This brass statue, typical of South Indian metal-cast – iconography and body posture with knees contained by an ornate band consisting of lotus motif design, represents Ayyappan, also known as Sastavan or Sasta, and sometime as Manikandana or Manikantha for always wearing a Mani – jewel, around his neck. Ayyappan was a Hindu saint elevated to the status of a deity highly worshipped in the country’s southern part. Characteristic to his image conceived as one engaged in Yoga his statue has been cast representing him as seated in a posture characteristic to penancing Yogis - knees turned upwards and knotted by a band that Yogis use for holding their legs in position, besides the gesture of his hands, one indicating ‘abhaya’ – freedom from fear, and other, ‘varada’ – liberation.
A yogi, Ayyappan is seen as one in absolute unity with the Supreme – what the term ‘yogi’ literally means, and at the same time, he is seen as one in the world for the weal of mankind imparting ‘abhaya’ and ‘varada’.
With wide-spread worship cult extending over entire South India Ayyappan has dedicated to him hundreds of shrines of different statuses. Besides, a number of myths a section of Brahmins is also known after him. Over thirty million devotees annually visiting his shrine at Sabarimala in Pathanamthitta hill range in Kerala – his best known and most revered shrine anywhere, making it one of the most visited pilgrimage sites in the world dedicated to any religion or sect, indicates the saint’s massive popularity. In recent decades, obviously the increase in means of transport and other facilities being one of its reasons, this number of pilgrims has unimaginably widened. During the annual festival dedicated to him when people in all parts of South India throng his shrines, this number is multiplied many times. Images of the holy saint are as popularly consecrated in domestic shrines as in public.
The symbol of the unity of Shaivite and Vaishnavite sects in South India Ayyappan, revered as the incarnation of Dharma Sasta, is seen as the offspring of Shiva and Vishnu in Vishnu’s female incarnation as Mohini, a form that Vishnu had taken to for deluding Asuras – demons, during the churning of ocean undertaken for obtaining ambrosia. This unity of the two sects also reflects in the iconographic features of this image, and often in his overall imagery, especially in the ritual mark on the forehead, and in arrangement of his headgear. In the image he has on his forehead a prominent Vaishnava tilak mark, though the rays it radiates on either side have the appearance of a subdued ‘tripunda’ mark, one linking him with Vaishnavism, while the other, with Shaivism. Similarly, on the top of his head he has Shiva-like ‘jata-juta’ – knotted hair, around it he is putting on a crown, a Vaishnava attribute.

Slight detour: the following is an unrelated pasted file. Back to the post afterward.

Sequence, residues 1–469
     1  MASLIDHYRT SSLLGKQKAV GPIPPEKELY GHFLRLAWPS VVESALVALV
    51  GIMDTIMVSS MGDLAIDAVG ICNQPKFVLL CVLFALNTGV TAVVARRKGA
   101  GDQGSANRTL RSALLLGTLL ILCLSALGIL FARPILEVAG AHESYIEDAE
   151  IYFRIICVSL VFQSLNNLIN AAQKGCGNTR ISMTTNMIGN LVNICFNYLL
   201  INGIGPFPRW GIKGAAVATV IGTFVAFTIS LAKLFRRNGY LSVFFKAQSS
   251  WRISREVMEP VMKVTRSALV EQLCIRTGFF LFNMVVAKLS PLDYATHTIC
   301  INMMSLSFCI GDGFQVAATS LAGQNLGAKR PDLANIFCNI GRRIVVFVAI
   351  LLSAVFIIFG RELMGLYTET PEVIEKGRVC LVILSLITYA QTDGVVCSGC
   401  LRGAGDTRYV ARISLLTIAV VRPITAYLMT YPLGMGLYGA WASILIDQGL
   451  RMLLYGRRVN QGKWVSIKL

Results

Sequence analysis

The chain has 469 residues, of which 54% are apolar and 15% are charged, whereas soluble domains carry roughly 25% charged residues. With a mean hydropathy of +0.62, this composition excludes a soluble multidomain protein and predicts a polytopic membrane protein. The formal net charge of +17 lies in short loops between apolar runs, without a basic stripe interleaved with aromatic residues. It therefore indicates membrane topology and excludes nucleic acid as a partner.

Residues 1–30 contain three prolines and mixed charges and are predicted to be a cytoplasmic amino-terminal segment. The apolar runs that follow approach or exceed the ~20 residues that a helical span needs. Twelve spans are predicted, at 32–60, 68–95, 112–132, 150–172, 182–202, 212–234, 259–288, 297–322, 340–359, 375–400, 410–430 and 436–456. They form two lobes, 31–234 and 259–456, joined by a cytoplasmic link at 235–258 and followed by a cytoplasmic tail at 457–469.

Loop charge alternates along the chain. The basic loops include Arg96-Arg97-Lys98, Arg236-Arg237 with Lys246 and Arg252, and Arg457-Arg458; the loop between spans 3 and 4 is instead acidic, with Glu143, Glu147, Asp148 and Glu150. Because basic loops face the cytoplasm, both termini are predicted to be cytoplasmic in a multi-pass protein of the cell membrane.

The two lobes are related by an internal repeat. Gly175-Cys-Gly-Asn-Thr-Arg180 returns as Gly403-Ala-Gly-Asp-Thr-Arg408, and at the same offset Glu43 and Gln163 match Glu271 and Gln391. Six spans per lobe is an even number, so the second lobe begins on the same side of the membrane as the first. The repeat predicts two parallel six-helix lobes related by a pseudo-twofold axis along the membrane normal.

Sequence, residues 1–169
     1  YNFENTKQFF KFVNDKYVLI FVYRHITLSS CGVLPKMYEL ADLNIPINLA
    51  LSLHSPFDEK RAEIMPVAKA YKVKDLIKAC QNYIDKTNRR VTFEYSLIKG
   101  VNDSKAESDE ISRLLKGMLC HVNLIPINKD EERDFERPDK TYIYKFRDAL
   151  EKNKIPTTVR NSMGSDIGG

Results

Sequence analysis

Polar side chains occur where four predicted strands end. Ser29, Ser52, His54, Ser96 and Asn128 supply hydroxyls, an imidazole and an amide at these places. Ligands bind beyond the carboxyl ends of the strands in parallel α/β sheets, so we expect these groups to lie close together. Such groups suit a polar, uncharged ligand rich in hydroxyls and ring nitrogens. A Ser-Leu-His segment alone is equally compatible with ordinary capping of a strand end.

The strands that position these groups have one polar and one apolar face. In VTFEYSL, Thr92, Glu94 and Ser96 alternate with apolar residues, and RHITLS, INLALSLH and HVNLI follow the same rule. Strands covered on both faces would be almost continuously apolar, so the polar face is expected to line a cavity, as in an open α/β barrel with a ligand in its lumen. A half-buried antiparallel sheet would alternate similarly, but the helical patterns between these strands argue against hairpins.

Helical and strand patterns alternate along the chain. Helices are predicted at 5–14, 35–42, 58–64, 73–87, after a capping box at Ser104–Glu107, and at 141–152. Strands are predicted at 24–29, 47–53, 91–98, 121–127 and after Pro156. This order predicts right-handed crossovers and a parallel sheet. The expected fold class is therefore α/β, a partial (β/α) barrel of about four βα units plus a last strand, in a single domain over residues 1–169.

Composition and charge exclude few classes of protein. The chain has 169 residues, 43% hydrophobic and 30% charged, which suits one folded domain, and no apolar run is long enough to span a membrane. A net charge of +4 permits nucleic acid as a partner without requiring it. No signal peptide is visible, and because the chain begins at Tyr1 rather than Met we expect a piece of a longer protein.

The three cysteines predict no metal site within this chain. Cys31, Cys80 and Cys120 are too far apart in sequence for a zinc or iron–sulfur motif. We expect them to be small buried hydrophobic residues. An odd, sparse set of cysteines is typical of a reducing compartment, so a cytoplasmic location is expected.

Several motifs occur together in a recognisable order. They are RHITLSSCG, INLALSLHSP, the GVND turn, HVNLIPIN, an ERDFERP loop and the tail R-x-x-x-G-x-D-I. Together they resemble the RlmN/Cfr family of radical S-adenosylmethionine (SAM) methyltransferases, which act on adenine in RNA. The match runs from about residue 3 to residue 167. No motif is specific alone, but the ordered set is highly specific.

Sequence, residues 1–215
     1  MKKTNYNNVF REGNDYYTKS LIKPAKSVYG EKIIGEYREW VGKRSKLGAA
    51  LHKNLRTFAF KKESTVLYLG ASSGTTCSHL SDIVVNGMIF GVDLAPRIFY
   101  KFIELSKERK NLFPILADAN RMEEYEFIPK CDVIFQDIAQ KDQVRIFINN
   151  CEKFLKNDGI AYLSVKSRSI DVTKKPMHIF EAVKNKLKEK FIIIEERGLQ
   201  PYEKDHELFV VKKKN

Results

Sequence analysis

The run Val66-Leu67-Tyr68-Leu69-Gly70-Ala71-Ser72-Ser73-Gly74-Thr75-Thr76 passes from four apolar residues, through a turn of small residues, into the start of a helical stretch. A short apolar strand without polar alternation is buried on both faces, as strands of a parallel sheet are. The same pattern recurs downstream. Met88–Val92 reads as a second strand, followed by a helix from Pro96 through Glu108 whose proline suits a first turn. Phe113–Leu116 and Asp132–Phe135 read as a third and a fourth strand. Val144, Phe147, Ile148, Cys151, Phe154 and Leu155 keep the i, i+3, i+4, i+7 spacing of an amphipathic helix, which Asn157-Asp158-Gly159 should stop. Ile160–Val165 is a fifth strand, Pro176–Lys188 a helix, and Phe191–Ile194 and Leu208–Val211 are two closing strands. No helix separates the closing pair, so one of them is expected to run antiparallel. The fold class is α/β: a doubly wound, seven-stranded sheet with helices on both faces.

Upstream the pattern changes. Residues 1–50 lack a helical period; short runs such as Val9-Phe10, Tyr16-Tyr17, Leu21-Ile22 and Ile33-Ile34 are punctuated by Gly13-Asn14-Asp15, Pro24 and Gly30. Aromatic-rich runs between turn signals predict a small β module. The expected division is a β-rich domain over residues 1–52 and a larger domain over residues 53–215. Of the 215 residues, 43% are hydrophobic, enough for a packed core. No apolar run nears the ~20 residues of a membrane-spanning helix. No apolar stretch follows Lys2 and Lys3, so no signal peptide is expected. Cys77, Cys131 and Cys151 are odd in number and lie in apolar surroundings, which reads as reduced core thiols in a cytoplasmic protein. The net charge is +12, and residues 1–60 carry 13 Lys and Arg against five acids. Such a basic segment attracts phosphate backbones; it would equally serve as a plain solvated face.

Though with a divine birth – offspring of Shiva and Vishnu, Ayyappan is always seen as a saint – a human being, attaining all divine heights by penance pursuing mainly the Yogic line. Hence, in his images, as also in this one, he in invariably cast in Yogic posture – seated squatting with feet flat on the pedestal’s base, legs folded and turned downwards from knee-junction, and eyes closed as when engaged in meditation. The image proper has been installed on a tall two tiered pedestal the base component consisting of lotus motif design. Typical of South Indian iconography, the image has been cast with round face, flattened nose, small but heavy lips and inflated cheeks. A disc behind his head symbolizes halo suggesting his divine emergence. Besides a wide range of ornaments on his neck and arms : various heavily crafted necklaces and ornaments for shoulders, arms and wrists, he is also putting on a large Vaijayanti consisting of lotus flowers.
This description by Prof. P.C. Jain and Dr. Daljeet. Prof. Jain specializes on the aesthetics of literature and is the author of numerous books on Indian art and culture. Dr. Daljeet is the curator of the Miniature Painting Gallery, National Museum, New Delhi. They have both collaborated together on a number of books. .
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